''He took me in and had faith in me: I picked it up very quickly.''
And he loved it. He forgot about Qantas and decided to stay in Canberra and work as a hairdresser. He worked for Nugent for three years then in 1972 opened up his own business, Mr Charles in Green Square, running it until 1988.
''It was very successful but by then it was time to get out. My two head girls were going to open up their own place, so I sold it to them.''
He moved to Hall for three years ''just for a change'' and when his shop burned down (''I think it was an electrical fault'') he worked out of the restaurant there. In 1992 he moved into premises at the Hyatt but by 2003 had ''had enough'' there and sold up again. Since then, he's worked from home for a select clientele.
''I do special people: with some clients, I've been cutting their hair for 40 years.''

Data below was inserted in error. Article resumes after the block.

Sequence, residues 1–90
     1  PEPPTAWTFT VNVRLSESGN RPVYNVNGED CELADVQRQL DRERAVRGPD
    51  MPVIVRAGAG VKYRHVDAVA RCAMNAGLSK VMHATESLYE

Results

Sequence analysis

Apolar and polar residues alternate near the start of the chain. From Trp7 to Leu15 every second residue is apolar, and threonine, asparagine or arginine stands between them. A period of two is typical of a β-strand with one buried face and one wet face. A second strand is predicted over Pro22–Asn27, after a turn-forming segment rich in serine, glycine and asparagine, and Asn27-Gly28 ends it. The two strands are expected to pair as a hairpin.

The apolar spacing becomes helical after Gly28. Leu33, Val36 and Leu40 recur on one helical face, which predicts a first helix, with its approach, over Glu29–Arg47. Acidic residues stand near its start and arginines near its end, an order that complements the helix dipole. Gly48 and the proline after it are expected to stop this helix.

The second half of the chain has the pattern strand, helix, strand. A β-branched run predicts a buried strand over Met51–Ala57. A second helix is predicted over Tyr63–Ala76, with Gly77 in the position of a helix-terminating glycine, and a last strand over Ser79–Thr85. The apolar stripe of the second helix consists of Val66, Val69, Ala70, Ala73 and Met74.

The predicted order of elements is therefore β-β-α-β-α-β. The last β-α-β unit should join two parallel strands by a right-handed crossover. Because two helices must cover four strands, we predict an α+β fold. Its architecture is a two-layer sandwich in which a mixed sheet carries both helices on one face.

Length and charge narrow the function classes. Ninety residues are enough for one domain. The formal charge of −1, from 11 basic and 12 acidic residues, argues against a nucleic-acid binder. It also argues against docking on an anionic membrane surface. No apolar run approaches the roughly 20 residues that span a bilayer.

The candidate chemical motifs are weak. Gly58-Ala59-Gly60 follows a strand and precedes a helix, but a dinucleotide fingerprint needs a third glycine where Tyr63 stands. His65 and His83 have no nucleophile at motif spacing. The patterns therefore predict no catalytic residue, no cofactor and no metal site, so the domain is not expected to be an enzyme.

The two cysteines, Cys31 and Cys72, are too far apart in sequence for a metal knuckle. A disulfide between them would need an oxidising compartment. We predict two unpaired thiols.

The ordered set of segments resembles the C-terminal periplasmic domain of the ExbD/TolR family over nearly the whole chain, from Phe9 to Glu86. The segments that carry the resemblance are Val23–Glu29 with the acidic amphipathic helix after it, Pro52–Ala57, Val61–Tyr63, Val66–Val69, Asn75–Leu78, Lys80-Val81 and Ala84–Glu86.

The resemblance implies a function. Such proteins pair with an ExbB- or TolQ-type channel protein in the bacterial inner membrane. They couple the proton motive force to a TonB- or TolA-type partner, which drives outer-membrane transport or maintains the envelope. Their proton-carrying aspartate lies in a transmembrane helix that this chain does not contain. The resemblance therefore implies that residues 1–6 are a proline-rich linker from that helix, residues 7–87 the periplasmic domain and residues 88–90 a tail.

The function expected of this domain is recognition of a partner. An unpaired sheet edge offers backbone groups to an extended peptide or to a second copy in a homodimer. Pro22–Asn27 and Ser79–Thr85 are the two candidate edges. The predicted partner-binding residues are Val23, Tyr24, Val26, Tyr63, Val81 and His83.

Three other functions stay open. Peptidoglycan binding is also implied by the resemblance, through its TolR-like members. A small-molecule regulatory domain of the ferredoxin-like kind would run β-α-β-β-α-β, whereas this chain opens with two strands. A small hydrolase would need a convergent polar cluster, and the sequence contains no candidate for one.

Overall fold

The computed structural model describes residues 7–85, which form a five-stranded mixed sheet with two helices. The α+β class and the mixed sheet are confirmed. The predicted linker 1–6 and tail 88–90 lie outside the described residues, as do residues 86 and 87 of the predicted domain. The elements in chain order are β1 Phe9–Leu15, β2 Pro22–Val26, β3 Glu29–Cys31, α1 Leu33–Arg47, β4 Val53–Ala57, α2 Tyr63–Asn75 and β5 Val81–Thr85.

Over the years he's worked on a few celebrities, too, including Dame Edna Everage (her wig), Diana Rigg, Debbie Byrne and Maxine McKew as well as Jon English. ''I had to dye his hair grey for Dad's Army in Brisbane.''
Oliver did a two-week course at Vidal Sassoon in San Francisco and a one-week course in 1980 at La Coupe in New York, where he was offered a position. ''I couldn't take it because I had my business but I was a better cutter than they were: that's why they offered me the job.''
Oliver says he would never do dreadlocks, punk hairstyles or crazy colours. His bread and butter clientele in the old days were the wealthy women who would come in once a week to have their hair washed and set. But times change: ''Now, it's only Coralie.''
''Coralie'' is Canberra publicist and theatre identity Coralie Wood, with whom he has had a long friendship.
They met about 1974 when both were performing in an Alpha Theatre pantomime.